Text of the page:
Holed up in the drab bedroom of my tiny Chinatown walkup, I scrolled through Instagram, inundated with stories of exes who reunited after years apart because of the global pandemic. The disorienting chaos has forced people to yearn for the comfort of past loves. At 34, I’d spent the last two years working hard on forgetting mine, though I still hoped to hear from him.
Was my old flame flirting with someone new over text? Maybe they were quarantined in his Brooklyn apartment together, her leg draped over him as she traced the outlines of tattoos on his arm? Were they listening to Irish News Radio like we used to do? Matthew loved Bruce Springsteen and holding my hand whenever we left the house. Now the long leisurely days that I had once prayed for have proven to be noxious for my mental health.
Navel-gazing has become a national pastime overnight. Now, I’ve become preoccupied with people who didn’t mind losing me when times were good. As the death toll rises daily, I’m a prisoner of my own neuroses. Peering into the lives of successful influencers, my moods have become vinegary. Without work or yoga class, my mind’s latched onto the past.
My breakup with Matthew was anticlimactic but left a dull ache in my chest for a year. It was a fitting end to a noncommittal relationship—he never called me his “girlfriend” (although I secretly hoped that he would). I played it cool for months hoping my nonchalant attitude would organically lead to a wholehearted dedication. Instead, he lost interest abruptly after a weeks-long trip overseas and he forgot to clue me in. He began sending me text messages adorned with emojis and photographs with his elfin grin, all while making excuses as to why he could never see me in person. Confused, I asked him what had changed. His inability to give me a reason for his decision after 10 months made me certain I could win him back, despite his protests that he had to “stay away for a bit.” After some time, he explained that while he liked me, he just didn’t have “romantic feelings”—for me, or for anyone else.
In an email he sent, he wrote that we would someday “reconnect under less emotional and healthier circumstances.” I held onto this sentence for months, starved of his affection. I watched Craig Kenneth’s YouTube videos about avoidant personality types, trying to psychoanalyze the whys of Matthew’s sudden departure. I even paid $400 for a Skype consultation with a “Love Doctor,” a licensed counselor from Orlando who explained there was a “chance” I could reunite with Matthew. He’d explained that I just needed to run into him and make my intentions known. I showed up one evening at the bar where he was moonlighting but was relieved when he wasn’t there. Feeling foolish, I’d confessed to my new friend Katharine about the money I had thrown away. She whispered that she’d once given $20,000 to a psychic to get her ex back. We bonded over our embarrassing secrets, trying to reason that we were die-hard romantics instead of crazy. Still, I thought that when the timing was right, I would eventually hear from him.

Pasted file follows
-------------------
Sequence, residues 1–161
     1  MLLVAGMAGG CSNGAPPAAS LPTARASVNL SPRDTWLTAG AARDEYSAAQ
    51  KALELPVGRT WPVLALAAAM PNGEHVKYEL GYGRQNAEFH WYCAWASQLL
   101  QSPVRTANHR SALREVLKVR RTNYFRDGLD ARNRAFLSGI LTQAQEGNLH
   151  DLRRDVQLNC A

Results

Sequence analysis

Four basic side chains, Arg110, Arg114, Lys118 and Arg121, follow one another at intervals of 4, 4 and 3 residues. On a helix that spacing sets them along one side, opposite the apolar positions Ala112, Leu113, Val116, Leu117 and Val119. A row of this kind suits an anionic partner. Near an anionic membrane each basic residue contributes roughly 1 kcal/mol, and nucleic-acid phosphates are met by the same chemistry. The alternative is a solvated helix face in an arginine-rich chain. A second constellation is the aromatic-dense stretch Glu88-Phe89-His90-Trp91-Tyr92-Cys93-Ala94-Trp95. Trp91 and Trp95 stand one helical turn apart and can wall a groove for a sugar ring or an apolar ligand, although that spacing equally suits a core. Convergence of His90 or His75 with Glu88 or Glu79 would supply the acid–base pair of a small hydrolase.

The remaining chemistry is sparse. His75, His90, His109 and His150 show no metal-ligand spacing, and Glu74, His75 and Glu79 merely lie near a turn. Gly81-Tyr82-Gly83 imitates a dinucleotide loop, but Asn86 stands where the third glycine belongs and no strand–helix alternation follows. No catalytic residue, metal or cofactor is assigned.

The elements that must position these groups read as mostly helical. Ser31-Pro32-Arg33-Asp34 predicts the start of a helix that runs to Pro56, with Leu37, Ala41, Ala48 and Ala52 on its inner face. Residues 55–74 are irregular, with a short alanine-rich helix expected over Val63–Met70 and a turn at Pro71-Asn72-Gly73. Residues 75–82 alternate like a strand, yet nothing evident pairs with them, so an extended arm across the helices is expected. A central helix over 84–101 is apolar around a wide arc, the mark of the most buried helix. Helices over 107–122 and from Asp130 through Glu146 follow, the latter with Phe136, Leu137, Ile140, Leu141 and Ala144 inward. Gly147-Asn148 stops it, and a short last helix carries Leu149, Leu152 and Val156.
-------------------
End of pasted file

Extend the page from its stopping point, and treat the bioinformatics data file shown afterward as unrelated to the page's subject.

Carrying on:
When Katharine suddenly died from an overdose a few months later, I ran into Matthew at a bodega near work. Still reeling from the loss, I was spiritless. He asked questions in the same way a census worker would. “My friend just died. I don’t feel like talking,” I said, sobbing. I bristled under his hand on my shoulder.
“My door is always open to you,” he said. Gut punched, I walked out of the deli.
Most people eventually hear from their exes on birthdays or anniversaries. A drunken text message appears on their phone with an innocuous “hey” and they’re simultaneously elated and repulsed. While the amorous feelings I had for my ex faded over time, I’m embittered about the loss of his promised friendship. My therapist once said that I relive traumatic and confusing events from my past in order to make sense of them. This split ranks up there with other transformative markers, like the death of Katharine, because I’ve looked for meaning in it. It was my last relationship before the world ended.
As I sit indoors and reminisce about my old love, I’m now reminded of the extreme effort I made to try and keep him. Although time has healed the sting of rejection, when I recall my desperation, it still packs a wallop. Back then, I felt small with little agency over the narrative of my own heartbreak. There was no chance to come to an understanding, and I was made to feel like a hysteric for caring. “Just move on,” ordered an exasperated friend who constantly agonized over her own boyfriend’s infidelities.
The reality that our time on this planet is finite is frighteningly tangible now. Memories are colored by nostalgia and idealism as we all grieve for our old lives. Everyone has their reasons for revisiting past failed relationships, but my preoccupation with someone that couldn’t tolerate closeness had less to do with him than it did with my wish for validation. Despite the basic human need for connection during the era of COVID-19, I must treat my unhealthy obsession with the past in a way that’s become all too familiar these days: avoid exposure until the threat fades away.
Top photo via Pexels / Garon Piceli
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Suzy Katz is a freelancer who writes about mental health, culture, and drugs. She lives in Chinatown with her dog Falkor. You can follow her on Twitter: @suzysometimes